Monday, July 06, 2015

A Process by which to Determine if a Specific Promise of God's is Meant for You

Who is the Angel God Sends To Guard the Israelites On Their Way?
Exodus 23:20-21: “Behold, I am going to send an angel before you to guard you along the way, and to bring you into the place which I have prepared. Be on your guard before him and obey his voice; do not be rebellious toward him, for he will not pardon your transgression, since My name is in him.”
I do not know about you, but whenever I read a promise of God’s like this one, the Enemy starts working on me: “This is not for you; it’s only meant for the people of Israel at that time. So don’t count on it.” There are several courses of action one could take with that kind of taunting.
1.     You can disregard the taunting, claim the promise, while merrily singing the old chorus you learned as a child, “Every promise in the book is mine!”
2.     You can believe the taunting, never thinking any more about the promise, and go on doing life as you normally do – wondering whether or not you are forced to fend for yourself.
3.     You can agree with some Bible scholars that believe certain promises were made to certain individuals or groups and are not to be taken as being for us, but this will require an investigation as to whether or not this is one of them.
You can weigh the likelihood of any of the three choices being correct or incorrect against your:
a.     Understanding of God based on the rest of Scripture,
b.     Ability to reason it out,
c.     Knowledge of what believers have traditionally believed, and
d.     Personal experience.
Using these four criteria, you can then examine each of the three options:
1.     Disregarding the taunting and claiming the promise may satisfy criteria a., c., and possibly d. above, but b. may present some problems especially as you may tend to agree with the rationale that certainly God makes promises to specific people at specific times and since He was talking to the Israelites in this passage, that may not include me.
2.     Believing the taunting and not claiming the promise, for the Christian, will likely not satisfy criteria a., c., and perhaps d.
3.     Investigating the promise has the potential of satisfying all four criteria – a., b., c., and d.
To take that course of action, i.e. investigating the promise before we can claim it for ourselves, we need to first examine the context of the promise. Was it made to someone or a group as a particular promise for a specific one-time response to an explicit circumstance?  Or is there enough generality in it that could apply to many of us in most aspects of, and during our entire, life? Secondly, we would ask ourselves as to whether or not this promise is in keeping with other parts of Scripture that repeat similar concepts to other believers? Thirdly, does it make sense that God, assuming Him to be what we believe He is, would make this kind of promise to all His children? Fourth, what do other true believers, for the most part, believe? And finally, what is my personal experience with regard to the content of this assurance?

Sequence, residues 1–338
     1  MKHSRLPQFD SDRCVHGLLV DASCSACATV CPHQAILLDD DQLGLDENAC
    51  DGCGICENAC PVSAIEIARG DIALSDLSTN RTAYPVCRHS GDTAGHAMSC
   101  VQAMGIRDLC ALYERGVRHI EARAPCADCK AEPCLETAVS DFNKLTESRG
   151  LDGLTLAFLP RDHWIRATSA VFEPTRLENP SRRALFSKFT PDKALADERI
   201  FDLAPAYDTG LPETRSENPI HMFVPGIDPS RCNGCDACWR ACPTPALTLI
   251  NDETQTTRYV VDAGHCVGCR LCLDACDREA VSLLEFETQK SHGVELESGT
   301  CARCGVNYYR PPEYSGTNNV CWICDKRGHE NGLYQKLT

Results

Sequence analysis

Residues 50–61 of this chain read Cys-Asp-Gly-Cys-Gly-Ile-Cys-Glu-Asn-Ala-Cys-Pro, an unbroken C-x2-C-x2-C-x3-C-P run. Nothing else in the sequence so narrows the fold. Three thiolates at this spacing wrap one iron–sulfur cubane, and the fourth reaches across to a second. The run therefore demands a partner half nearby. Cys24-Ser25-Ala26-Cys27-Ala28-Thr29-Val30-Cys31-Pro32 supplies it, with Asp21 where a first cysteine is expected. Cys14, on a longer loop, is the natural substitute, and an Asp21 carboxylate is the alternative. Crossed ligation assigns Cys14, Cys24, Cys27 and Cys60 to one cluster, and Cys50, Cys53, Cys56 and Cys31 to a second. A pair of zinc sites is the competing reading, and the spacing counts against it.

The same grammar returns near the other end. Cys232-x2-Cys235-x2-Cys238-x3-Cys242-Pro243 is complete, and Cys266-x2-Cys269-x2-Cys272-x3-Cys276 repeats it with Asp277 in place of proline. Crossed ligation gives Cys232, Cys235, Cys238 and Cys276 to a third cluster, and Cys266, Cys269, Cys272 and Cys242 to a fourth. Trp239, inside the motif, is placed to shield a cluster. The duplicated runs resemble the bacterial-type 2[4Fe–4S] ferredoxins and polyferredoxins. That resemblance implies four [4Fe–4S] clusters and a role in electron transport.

In this particular case, my personal investigation of this promise, leads me to believe that it is one that I can claim.  Keep in mind that the Israelites were going to spend forty years in the desert and God knew that.  This is clearly not a promise in return for a one-time action required on their part – it is to become a way of life for them. There is enough generality in it so as to be applicable to many. For example, it speaks of “guarding us along our way” until He brings us to a place He has “prepared for us” and it speaks to “obedience”, our “rebellion”, and our “pardon from sin”. All of which are spoken of elsewhere in Scripture.
In addition, the promise is in keeping with our understanding of God as we know and believe Him to be. It is a promise that has been widely accepted by many believers.  And finally, for me at least, it is a promise I have seen fulfilled time and time again in my own life, my own experience.
Having hopefully established that, we can look more closely at the promise God is making here.  To begin with, He is “sending” an “angel”. God is the mastermind here. He has delegated this most important task to someone else in which He has great confidence. But this is no ordinary angel but rather one that has God’s name in Him.  It is an angel that must be obeyed.  It is an angle capable of freeing us from our bondage (Egypt for the Israelites) and delivering us to the Promised Land (Canaan for the Israelites and Heaven for us). And this angel has the power to pardon our sins and those of the Israelites. It is no wonder that the majority of biblical commentators agree that this is the Son of God, Jesus Christ.
Jesus was given this task by God His Father and as the Son, God’s name was in Him. This was a real task, not just a make-work project but at the same time, it was a proto-type of what Jesus would do for all mankind.
Our job is to be on our guard before Him and to obey His voice throughout our journey in the wilderness of life.  The entire New Testament tells us how. But the bottom line is this: we are not to rebel against Him, for He will not pardon our transgression.
I hope you can claim this promise with me.  But I also pray you understand its consequences should we fail to claim it and choose to obey.

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